The electrodynamic field $$F = \BE + I c \BB$$ is a multivector in this spatial domain (whereas it is a bivector in the spacetime algebra domain), and has vector and bivector components. The product of the spatial gradient and the field can still be split into dot and curl components $$\spacegrad M = \spacegrad \cdot M + \spacegrad \wedge M$$. If $$M = \sum M_i$$, where $$M_i$$ is an grade $$i$$ blade, then we give this the Hestenes’ [1] definitions

\label{eqn:maxwellBoundaryConditions:60}
\begin{aligned}
\end{aligned}

With that said, Maxwell’s equation can be rearranged into a pair of multivector equations

\label{eqn:maxwellBoundaryConditions:80}
\begin{aligned}
\spacegrad \cdot F &= \gpgrade{-\partial_0 F + \frac{\rho}{\epsilon_0} – \frac{\BJ}{\epsilon_0 c}}{0,1} \\
\end{aligned}

The latter equation can be integrated with Stokes theorem, but we need to apply a duality transformation to the latter in order to apply Stokes to it

\label{eqn:maxwellBoundaryConditions:120}
\begin{aligned}
&=
&=
&=
&=
\end{aligned}

so

\label{eqn:maxwellBoundaryConditions:100}
\begin{aligned}
\spacegrad \wedge (I F) &= I \lr{ -\inv{c} \partial_t \BE + \frac{\rho}{\epsilon_0} – \frac{\BJ}{\epsilon_0 c} } \\
\spacegrad \wedge F &= -I \partial_t \BB.
\end{aligned}

Integrating each of these over the pillbox volume gives

\label{eqn:maxwellBoundaryConditions:140}
\begin{aligned}
\oint_{\partial V} d^2 \Bx \cdot (I F)
&=
\int_{V} d^3 \Bx \cdot \lr{ I \lr{ -\inv{c} \partial_t \BE + \frac{\rho}{\epsilon_0} – \frac{\BJ}{\epsilon_0 c} } } \\
\oint_{\partial V} d^2 \Bx \cdot F
&=
– \partial_t \int_{V} d^3 \Bx \cdot \lr{ I \BB }.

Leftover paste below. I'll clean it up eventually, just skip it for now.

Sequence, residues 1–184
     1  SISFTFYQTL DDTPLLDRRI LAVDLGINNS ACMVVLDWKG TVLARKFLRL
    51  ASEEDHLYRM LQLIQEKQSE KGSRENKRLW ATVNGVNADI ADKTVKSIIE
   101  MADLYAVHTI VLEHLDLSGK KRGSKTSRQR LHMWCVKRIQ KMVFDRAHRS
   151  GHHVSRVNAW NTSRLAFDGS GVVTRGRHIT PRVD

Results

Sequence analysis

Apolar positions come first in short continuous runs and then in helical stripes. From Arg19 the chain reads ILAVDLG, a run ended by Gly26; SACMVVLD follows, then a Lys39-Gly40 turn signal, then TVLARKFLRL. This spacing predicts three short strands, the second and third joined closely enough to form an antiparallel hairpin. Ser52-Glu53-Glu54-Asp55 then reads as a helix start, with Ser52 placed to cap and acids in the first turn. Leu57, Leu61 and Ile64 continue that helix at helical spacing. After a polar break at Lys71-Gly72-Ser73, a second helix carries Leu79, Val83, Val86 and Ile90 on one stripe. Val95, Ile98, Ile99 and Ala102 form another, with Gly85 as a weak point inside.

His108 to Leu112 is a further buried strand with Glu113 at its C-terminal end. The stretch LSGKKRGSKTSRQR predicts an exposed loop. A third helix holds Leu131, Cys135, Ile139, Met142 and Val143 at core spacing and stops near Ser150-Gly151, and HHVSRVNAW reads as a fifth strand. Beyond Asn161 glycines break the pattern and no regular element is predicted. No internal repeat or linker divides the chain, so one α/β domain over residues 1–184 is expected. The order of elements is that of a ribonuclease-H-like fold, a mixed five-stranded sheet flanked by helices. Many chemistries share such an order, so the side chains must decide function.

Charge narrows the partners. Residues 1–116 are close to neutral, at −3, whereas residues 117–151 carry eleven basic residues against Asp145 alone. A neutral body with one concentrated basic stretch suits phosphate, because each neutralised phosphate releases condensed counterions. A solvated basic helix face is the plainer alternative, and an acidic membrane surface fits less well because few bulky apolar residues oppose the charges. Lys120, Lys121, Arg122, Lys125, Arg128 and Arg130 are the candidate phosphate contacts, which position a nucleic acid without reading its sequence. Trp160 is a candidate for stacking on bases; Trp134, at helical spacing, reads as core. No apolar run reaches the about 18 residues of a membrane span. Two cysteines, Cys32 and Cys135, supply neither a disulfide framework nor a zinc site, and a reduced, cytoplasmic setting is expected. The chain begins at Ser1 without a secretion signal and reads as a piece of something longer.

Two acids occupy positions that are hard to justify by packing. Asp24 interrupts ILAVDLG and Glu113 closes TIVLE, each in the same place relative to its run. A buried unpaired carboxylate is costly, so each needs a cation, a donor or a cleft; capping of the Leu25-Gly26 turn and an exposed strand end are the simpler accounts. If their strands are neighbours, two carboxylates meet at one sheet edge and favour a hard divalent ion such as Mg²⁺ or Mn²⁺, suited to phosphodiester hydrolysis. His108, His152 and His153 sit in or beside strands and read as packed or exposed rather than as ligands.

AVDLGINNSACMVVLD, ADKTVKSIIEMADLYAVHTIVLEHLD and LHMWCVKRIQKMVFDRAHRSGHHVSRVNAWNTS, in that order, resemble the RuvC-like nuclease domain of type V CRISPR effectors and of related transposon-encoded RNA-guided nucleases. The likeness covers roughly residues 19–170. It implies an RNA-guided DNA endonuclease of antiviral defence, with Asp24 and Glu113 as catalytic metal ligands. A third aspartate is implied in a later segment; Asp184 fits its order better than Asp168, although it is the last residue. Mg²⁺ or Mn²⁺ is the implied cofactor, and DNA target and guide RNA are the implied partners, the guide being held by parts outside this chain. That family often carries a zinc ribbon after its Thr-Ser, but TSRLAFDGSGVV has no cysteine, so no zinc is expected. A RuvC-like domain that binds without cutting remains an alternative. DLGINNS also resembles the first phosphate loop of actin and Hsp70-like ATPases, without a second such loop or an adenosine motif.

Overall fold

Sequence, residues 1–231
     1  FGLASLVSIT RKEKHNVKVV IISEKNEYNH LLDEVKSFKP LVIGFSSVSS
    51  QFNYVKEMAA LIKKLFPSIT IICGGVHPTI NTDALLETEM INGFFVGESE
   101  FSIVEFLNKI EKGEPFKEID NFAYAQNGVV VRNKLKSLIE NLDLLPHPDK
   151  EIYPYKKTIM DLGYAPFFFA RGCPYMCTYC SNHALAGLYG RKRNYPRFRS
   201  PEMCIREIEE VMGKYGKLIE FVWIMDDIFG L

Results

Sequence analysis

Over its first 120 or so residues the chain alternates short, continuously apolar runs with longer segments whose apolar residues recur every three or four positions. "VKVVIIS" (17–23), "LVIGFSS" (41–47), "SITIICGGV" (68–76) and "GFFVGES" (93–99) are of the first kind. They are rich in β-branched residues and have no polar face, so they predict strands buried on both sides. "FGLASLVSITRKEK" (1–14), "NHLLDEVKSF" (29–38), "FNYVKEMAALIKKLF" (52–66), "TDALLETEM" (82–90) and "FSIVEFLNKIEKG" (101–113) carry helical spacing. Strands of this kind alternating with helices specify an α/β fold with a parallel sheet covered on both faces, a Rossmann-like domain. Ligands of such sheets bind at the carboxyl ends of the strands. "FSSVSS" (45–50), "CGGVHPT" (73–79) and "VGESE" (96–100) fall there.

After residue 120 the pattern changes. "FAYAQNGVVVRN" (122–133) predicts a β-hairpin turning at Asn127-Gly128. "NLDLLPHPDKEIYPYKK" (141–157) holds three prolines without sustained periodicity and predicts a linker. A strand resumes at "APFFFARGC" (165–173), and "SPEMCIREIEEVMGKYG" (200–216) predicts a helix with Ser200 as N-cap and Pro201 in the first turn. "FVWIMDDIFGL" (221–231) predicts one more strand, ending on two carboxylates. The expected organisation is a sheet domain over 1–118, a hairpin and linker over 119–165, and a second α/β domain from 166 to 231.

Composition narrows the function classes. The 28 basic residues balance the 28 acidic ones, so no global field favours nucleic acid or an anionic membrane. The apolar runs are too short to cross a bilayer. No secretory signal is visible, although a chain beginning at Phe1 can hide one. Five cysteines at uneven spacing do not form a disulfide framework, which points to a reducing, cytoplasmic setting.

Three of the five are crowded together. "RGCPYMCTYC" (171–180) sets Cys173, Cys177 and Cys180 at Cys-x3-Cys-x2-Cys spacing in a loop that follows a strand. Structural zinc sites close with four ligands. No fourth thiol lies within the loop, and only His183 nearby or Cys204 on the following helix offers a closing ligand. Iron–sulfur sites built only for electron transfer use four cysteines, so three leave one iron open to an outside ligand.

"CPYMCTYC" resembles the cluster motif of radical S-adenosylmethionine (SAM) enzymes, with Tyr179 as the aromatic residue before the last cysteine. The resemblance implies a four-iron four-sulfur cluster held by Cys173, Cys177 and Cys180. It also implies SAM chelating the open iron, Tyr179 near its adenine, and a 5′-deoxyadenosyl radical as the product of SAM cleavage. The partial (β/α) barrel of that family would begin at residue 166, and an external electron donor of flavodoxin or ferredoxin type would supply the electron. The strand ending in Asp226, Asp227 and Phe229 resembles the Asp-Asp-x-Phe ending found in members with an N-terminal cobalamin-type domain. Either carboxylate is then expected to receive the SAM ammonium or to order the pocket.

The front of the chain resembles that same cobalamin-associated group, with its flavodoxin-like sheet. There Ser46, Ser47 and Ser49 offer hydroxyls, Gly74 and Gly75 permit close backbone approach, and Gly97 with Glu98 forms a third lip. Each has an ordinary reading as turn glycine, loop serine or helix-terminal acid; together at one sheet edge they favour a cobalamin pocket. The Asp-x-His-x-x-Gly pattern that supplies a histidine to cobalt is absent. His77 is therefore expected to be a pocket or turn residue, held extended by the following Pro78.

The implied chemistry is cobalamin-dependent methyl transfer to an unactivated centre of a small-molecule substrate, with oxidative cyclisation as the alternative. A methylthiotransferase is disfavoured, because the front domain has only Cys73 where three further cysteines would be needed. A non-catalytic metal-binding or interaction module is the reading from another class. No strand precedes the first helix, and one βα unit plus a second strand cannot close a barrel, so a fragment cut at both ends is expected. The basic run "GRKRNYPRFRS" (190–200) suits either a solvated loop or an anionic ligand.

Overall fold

\end{aligned}

In the absence of charges and currents on the surface, and if the height of the volume is reduced to zero, the volume integrals vanish, and only the upper surfaces of the pillbox contribute to the surface integrals.

\label{eqn:maxwellBoundaryConditions:200}
\begin{aligned}
\oint_{\partial V} d^2 \Bx \cdot (I F) &= 0 \\
\oint_{\partial V} d^2 \Bx \cdot F &= 0.
\end{aligned}

With a multivector $$F$$ in the mix, the geometric meaning of these integrals is not terribly clear. They do describe the boundary conditions, but to see exactly what those are, we can now resort to the split of $$F$$ into its electric and magnetic fields. Let’s look at the non-dual integral to start with

\label{eqn:maxwellBoundaryConditions:160}
\begin{aligned}
\oint_{\partial V} d^2 \Bx \cdot F
&=
\oint_{\partial V} d^2 \Bx \cdot \lr{ \BE + I c \BB } \\
&=
\oint_{\partial V} d^2 \Bx \cdot \BE + I c d^2 \Bx \wedge \BB \\
&=
0.
\end{aligned}

No component of $$\BE$$ that is normal to the surface contributes to $$d^2 \Bx \cdot \BE$$, whereas only components of $$\BB$$ that are normal contribute to $$d^2 \Bx \wedge \BB$$. That means that we must have tangential components of $$\BE$$ and the normal components of $$\BB$$ matching on the surfaces

\label{eqn:maxwellBoundaryConditions:180}
\begin{aligned}
\lr{\BE_2 \wedge \ncap} \ncap – \lr{\BE_1 \wedge (-\ncap)} (-\ncap) &= 0 \\
\lr{\BB_2 \cdot \ncap} \ncap – \lr{\BB_1 \cdot (-\ncap)} (-\ncap) &= 0 .
\end{aligned}

Similarly, for the dot product of the dual field, this is

\label{eqn:maxwellBoundaryConditions:220}
\begin{aligned}
\oint_{\partial V} d^2 \Bx \cdot (I F)
&=
\oint_{\partial V} d^2 \Bx \cdot (I \BE – c \BB) \\
&=
\oint_{\partial V} I d^2 \Bx \wedge \BE – c d^2 \Bx \cdot \BB.
\end{aligned}